After the bulk fermentation, uncover the dough and turn it out onto a lightly floured work surface. Cut it into four equal pieces, tuck the edges under each piece, cover, and let rest for 15 minutes.

Uncover the dough and shape the each piece into a boule or batard. Place the shaped loaves, seam side up, into flour proofing containers. Allow the loaves to proof at room temperature for 1to 1 1/2 hours.

Preheat the oven to 475 ºF one hour before baking. Prepare with a baking stone and steam pan. Invert the loaves onto a peel, score them, place them in the oven, and turn down the oven to 450 ºF . Bake for 15 minutes with steam and another 20 minutes without steam. Turn off the oven, crack the door, and leave loaves in for another 5-10 minutes. Remove the loaves from the oven and allow to cool completely on a wire rack before cutting into.

sprouted wheat sourdough 2

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19 Responses to “Sprouted Wheat Sourdough”

  1. I do love sprouted grains but I’m not sure I would be brave enough to take even a sip of the sprouting water! What a fine bread you made with that grain.

    • I just finished another batch of sprouted grain “water.” I used the instruction from the late great Ann Wigmore. She calls the drink Rejuvelac and my wife and I drink it everyday. I’ll agree with the folks at sproutpeople.com, the plave I get my grains, that rye seeds makee the better tasting Rejuvelac though I also find wheat berries quite tolerable if not enjoyable.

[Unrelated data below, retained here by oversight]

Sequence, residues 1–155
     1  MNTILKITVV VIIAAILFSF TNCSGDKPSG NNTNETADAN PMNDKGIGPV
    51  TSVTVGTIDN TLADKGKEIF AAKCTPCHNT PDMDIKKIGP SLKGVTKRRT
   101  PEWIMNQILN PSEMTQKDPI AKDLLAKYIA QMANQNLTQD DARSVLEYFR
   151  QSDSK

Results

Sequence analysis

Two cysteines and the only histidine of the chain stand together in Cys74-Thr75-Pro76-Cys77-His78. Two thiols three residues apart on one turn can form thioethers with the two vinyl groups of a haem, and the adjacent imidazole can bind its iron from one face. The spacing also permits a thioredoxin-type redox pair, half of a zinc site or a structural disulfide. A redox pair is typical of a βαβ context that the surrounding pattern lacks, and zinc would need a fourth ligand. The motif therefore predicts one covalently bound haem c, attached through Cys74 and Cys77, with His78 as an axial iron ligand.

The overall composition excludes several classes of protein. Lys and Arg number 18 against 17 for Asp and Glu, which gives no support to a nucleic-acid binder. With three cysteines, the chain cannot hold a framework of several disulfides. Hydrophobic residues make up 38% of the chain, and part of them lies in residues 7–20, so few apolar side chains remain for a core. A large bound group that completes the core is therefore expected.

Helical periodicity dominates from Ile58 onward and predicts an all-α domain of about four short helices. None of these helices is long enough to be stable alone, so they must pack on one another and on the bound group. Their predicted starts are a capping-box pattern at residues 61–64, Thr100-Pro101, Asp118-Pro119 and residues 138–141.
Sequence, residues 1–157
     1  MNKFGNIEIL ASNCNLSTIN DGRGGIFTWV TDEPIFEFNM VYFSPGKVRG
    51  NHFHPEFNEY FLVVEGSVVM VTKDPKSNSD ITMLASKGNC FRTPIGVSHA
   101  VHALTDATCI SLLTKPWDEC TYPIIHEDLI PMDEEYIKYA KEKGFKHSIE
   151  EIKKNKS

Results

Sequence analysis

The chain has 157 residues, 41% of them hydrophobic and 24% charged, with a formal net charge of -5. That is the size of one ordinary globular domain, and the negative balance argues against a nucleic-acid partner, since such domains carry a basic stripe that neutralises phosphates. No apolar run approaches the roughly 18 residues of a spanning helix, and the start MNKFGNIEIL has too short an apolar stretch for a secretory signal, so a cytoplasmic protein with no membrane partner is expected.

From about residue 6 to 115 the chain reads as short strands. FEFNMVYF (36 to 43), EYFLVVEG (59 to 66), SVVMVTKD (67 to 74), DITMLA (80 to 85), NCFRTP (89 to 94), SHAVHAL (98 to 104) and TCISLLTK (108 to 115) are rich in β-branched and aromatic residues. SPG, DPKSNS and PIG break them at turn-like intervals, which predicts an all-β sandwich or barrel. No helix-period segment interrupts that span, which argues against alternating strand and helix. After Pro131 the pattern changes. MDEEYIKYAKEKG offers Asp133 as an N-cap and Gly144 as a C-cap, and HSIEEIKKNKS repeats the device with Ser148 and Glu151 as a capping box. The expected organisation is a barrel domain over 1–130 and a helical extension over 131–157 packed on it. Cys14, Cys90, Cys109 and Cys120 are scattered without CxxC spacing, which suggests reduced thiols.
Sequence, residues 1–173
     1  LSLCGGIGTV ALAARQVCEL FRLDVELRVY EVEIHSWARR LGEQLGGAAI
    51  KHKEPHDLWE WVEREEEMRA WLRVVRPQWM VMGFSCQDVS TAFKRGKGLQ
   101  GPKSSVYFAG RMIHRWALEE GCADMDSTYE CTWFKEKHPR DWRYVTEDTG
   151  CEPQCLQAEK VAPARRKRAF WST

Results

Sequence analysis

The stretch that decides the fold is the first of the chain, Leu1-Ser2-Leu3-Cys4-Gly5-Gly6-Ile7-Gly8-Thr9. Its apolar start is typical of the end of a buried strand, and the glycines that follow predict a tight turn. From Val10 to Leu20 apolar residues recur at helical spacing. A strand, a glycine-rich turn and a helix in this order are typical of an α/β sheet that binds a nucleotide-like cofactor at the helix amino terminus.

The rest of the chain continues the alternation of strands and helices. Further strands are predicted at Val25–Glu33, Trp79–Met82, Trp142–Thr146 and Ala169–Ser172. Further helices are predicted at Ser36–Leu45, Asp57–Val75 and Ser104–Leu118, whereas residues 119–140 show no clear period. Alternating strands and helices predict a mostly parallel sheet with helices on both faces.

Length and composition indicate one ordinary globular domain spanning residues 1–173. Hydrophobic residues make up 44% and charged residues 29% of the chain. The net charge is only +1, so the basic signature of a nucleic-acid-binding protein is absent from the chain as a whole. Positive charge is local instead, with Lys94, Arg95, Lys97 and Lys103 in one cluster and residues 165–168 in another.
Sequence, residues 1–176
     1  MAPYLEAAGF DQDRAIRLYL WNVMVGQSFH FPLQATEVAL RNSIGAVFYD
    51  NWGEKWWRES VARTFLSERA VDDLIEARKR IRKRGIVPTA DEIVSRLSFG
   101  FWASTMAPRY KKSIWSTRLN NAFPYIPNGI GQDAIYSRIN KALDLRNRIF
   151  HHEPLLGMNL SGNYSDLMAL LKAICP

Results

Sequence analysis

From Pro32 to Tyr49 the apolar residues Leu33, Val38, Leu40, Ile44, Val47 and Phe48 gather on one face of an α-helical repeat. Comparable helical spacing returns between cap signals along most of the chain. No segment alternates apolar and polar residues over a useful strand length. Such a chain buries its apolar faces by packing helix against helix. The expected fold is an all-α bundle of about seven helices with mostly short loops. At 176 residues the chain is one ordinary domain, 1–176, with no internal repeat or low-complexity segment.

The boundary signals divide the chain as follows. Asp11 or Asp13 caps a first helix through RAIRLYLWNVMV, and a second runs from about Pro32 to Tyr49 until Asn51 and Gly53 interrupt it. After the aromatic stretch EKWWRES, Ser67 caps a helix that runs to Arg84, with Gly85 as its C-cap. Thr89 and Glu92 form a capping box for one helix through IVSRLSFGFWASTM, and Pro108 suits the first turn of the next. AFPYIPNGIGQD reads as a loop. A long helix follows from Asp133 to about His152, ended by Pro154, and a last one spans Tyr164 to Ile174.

I gotta get me some sourdough starter….I’m new to this aspect of using wheat sprouts,

      jed

      • cbucholz Says:

        I’m impressed! I wasn’t used to the flavor, but I could understand the appeal of it. I’m sure it is really good for you. Perhaps I’ll have to try making some with rye seeds.

      • With this “rejuvelac” drink, you’re not really drinking the sprouting water but actually making it after the grains have begun to sprout. When making the “rejuvelac” you sprout the grains like normal, soak, sit/rinse several days, then fill with water and let that sit for 2 days for first batch and 1 day for second batch. I belive the drink is filled with probiotics and this, along with my milk kefir grains that I ferment, keeps me and my wife pretty healthy.

        jed

      • cbucholz Says:

        Thanks! I’ll have to try it.

  2. [...] Sprouted Wheat Sourdough [...]

  3. Foolish Poolish Says: